Plants that have stamens, pistils and produce seeds that mature in an enclosed ovary, are in the last division of the plant kingdom: that of the flowering plants (Magnoliophyta). Another name for this division you might run into is Angiospermae. This division contains the most plants of all, around 250.000 species. We’ll cover flower characteristics in the next plant botany part.

Saturday, 21 April 2012

Mail from the Andes

Packages from the postman are always exciting, but this one was even more special, even though it was a little smaller and lighter than we expected.

You have propably no idea what it is; it is not a very common crop in regions outside Peru and Bolivia. It is called yacón, or Bolivian sunroot or Peruvian ground apple, but its official name is Polymnia sonchifolia. It is a relative of topinambours and sunflowers, and will therefore also grow into a lengthy plant with yellow flowers. The leafs contain inulin, which can serve to replace sugar and fat.
Actually, the reason why we ordered this plant is situated underground. Yacón is grown for its sweet juicy roots. They are crispy and have an interesting flavour somewhere between pear and melon. The only bad thing is that we have to wait until the end of the year to try this one out for ourselves!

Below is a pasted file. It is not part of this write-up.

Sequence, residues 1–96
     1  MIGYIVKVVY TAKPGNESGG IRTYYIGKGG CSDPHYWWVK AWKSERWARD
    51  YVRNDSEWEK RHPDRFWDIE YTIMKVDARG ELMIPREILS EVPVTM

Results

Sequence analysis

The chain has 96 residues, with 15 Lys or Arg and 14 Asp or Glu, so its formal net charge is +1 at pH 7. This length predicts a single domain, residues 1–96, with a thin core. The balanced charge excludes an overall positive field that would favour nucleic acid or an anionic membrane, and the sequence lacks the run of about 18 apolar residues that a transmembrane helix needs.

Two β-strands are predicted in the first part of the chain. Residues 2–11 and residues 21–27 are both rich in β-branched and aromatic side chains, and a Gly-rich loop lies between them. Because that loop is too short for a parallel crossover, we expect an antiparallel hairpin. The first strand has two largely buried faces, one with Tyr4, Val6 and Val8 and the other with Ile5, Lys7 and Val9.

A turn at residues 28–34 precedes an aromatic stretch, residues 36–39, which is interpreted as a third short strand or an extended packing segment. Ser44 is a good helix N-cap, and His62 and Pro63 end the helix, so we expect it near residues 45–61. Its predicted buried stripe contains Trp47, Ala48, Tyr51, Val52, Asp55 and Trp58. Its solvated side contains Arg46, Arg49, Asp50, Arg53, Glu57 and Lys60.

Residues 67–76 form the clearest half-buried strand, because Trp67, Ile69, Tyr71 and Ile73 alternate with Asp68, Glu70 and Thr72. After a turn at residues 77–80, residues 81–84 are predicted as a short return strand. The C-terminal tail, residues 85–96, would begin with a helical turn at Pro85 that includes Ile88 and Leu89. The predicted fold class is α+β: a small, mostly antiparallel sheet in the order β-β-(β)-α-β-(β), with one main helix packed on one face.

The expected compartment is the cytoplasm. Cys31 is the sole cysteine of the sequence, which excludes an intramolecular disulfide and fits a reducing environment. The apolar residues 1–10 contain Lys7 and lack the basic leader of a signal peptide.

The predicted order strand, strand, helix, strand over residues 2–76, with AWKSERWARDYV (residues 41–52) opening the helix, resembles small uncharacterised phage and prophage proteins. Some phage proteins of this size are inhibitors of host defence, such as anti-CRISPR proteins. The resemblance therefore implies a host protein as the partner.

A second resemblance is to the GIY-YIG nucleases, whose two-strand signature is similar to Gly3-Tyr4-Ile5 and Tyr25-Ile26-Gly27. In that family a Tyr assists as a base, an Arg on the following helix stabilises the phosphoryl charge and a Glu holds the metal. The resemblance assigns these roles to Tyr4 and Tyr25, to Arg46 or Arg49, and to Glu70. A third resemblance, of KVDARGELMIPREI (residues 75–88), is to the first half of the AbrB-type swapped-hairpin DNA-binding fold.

P.s. if you would like some yacón roots for your garden as well, e-mail us, so we can send you the order information. It is only possible for Belgium and Dutch addresses though. Or you can also wait until our harvest is ready.

Thursday, 12 April 2012

Create your garden army

As we saw in our blog about ladybugs, insects are indispensable in gardens. Here is another powerful insect: earwigs. Even though they give me the creeps, they are perfect to defend your apples, pears and other fruits from nasty pests. Earwigs feed on plant lice, larvae and even caterpillars. Here is an easy creation to attract earwigs in fruit trees and other places where you need them the most (which is in my case, faaar away from the places I like to sit).

The only stuff you need is an old pot, rope, scissors and straw. Earwigs adore being hidden in very tiny places. There is even a word for it: thigmotropism
Now take a hand of straw; bind it once with the rope and tie the ends together on top. Safe a piece of rope to be able to hang your earwig-hiding-place. Then put the end of the cord through the hole on the bottom of the pot and you are ready to hang it in a fruit tree! 

Make sure to tie it on a solid branch, the first one you encounter from the bottom up. And... done!

Mind the cat part 2

She attacks and kills plants within seconds... invisibly...

Goodmorning ladies!

Have you seen them yet? The ladybugs are awake! They are one of the earliest to stumble around the garden, or first inside the house, for his is where they prefer to hibernate. Three weeks ago we were blown away when we opened the door of our gardenhouse: dozens of ladybugs, everywhere we looked!